The Marriage of Figaro
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When a womanising aristocrat tries to seduce his valet’s pretty young wife, his wife and servants conspire to teach him a lesson in fidelity he’ll never forget. Plots are hatched, promises made (and broken) and disguises donned, as Mozart’s ‘mad day’ unfolds.
A revolutionary comedy in every sense, Mozart and Da Ponte’s adaptation of Beaumarchais’s banned 1778 play about warring masters and servants takes a topical satire and broadens it into a deeply human drama. The battle between both classes and sexes remains sharply bladed, but the characters themselves are rounded by some of Mozart’s most sparkling music into feeling, fallible and all too familiar personalities.
Director Michael Grandage updates the action to the swinging sixties in his 2012 production, starring Lydia Teuscher as Susanna and Vito Priante as her beloved Figaro. Robin Ticciati conducts.
Orchestra of the Age of Enlightenment
The Glyndebourne Chorus
Chorus Master Jeremy Bines
While his fiancée Susanna tries on a wedding bonnet, Figaro measures a room which she is dismayed to discover has been offered them by the Count. She points out its dangerous proximity should he seek her out during her husband’s absence; his offer of a dowry is in exchange for his ancient feudal rights. Figaro swears to frustrate him.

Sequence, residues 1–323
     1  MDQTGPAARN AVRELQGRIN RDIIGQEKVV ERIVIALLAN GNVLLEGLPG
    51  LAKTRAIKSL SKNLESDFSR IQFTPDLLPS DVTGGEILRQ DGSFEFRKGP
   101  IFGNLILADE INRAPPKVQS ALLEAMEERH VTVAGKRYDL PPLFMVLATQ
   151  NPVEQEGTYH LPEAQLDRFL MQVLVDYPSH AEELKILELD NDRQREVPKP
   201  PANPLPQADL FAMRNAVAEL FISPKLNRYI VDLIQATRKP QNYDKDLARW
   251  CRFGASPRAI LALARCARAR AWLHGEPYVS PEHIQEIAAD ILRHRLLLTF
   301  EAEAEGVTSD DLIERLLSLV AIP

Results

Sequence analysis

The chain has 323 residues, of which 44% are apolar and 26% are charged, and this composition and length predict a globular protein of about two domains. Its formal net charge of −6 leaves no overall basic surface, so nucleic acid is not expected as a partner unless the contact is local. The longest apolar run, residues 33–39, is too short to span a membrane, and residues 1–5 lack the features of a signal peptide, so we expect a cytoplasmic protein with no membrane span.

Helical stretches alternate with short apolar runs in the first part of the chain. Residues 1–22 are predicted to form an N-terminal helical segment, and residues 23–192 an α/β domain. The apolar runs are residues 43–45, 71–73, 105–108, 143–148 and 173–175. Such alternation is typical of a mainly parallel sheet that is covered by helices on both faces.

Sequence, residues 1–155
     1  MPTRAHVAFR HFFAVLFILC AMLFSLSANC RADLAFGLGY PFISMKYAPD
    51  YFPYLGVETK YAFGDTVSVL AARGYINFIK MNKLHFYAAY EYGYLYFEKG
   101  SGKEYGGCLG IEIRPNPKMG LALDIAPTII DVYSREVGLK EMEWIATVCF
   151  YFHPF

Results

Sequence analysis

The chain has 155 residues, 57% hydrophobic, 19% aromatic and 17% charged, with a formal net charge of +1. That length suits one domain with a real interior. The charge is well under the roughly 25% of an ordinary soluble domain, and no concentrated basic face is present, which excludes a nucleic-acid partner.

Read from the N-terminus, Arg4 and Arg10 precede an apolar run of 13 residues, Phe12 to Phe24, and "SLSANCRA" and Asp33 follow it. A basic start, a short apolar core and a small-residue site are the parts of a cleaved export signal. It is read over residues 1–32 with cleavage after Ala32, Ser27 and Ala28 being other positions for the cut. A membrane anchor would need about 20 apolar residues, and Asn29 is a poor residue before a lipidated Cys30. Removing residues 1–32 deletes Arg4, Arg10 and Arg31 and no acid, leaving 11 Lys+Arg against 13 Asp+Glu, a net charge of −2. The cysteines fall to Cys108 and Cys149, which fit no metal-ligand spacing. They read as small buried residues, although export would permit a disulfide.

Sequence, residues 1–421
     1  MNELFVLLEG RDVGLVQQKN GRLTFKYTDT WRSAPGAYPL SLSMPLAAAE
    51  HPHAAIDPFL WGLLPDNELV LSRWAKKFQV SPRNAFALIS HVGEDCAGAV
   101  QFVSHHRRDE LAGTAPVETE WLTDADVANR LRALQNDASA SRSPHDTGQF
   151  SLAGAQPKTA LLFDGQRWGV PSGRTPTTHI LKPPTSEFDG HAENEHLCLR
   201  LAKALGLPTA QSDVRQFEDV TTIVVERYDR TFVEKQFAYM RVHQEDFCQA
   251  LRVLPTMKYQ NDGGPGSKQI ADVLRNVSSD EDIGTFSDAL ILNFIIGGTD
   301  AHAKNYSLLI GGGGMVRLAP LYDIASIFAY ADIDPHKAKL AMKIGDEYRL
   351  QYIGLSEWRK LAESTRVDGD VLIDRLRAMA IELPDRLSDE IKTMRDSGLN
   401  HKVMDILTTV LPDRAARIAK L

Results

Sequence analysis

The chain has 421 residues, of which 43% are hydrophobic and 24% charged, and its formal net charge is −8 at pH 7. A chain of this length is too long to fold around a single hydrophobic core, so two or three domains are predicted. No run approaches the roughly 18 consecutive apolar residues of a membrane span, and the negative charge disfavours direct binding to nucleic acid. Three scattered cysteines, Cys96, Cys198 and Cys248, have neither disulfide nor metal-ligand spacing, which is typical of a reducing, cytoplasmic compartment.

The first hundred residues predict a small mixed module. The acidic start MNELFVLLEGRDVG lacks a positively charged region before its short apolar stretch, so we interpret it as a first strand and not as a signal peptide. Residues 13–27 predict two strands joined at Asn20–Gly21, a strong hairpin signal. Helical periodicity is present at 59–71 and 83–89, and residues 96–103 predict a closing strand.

As he leaves, his old enemy Bartolo and Bartolo’s former servant Marcellina enter, the latter with a marriage contract between her and Figaro to which they intend to hold him. Susanna’s entrance gives Marcellina the opportunity for some spiteful muttering. The two square up for a verbal combat.
The page Cherubino turns up, miserable that he is to be sent away because the Count found him dallying with the gardener’s daughter, Barbarina. Seeing the Count approach, he hides behind a chair.
The Count presses his proposal upon Susanna. Her gossipy singing teacher Basilio’s arrival forces him to hide behind the chair while Cherubino moves into it and is hidden beneath Susanna’s dress. Basilio’s mention of Cherubino gazing longingly at the Countess draws the Count out of hiding; demonstrating how he discovered Cherubino in Barbarina’s room, he finds him yet again!
He is interrupted by the arrival of Figaro and a group of peasants praising him for abolishing the droit de seigneur. The Count sends Cherubino off to join his regiment.
The Countess laments her husband’s neglect. Susanna explains his financial offer. Figaro intends to send a cross-dressed Cherubino to meet the Count instead. Arriving in poor spirits, the page is prepared by Susanna for his meeting with the Count; she leaves to fetch her dress. As the Countess teases Cherubino about his crush on her, the Count’s arrival causes him to hide in the closet. Cherubino knocks something over; the Countess says it is Susanna who, unobserved, returns and hides behind a screen.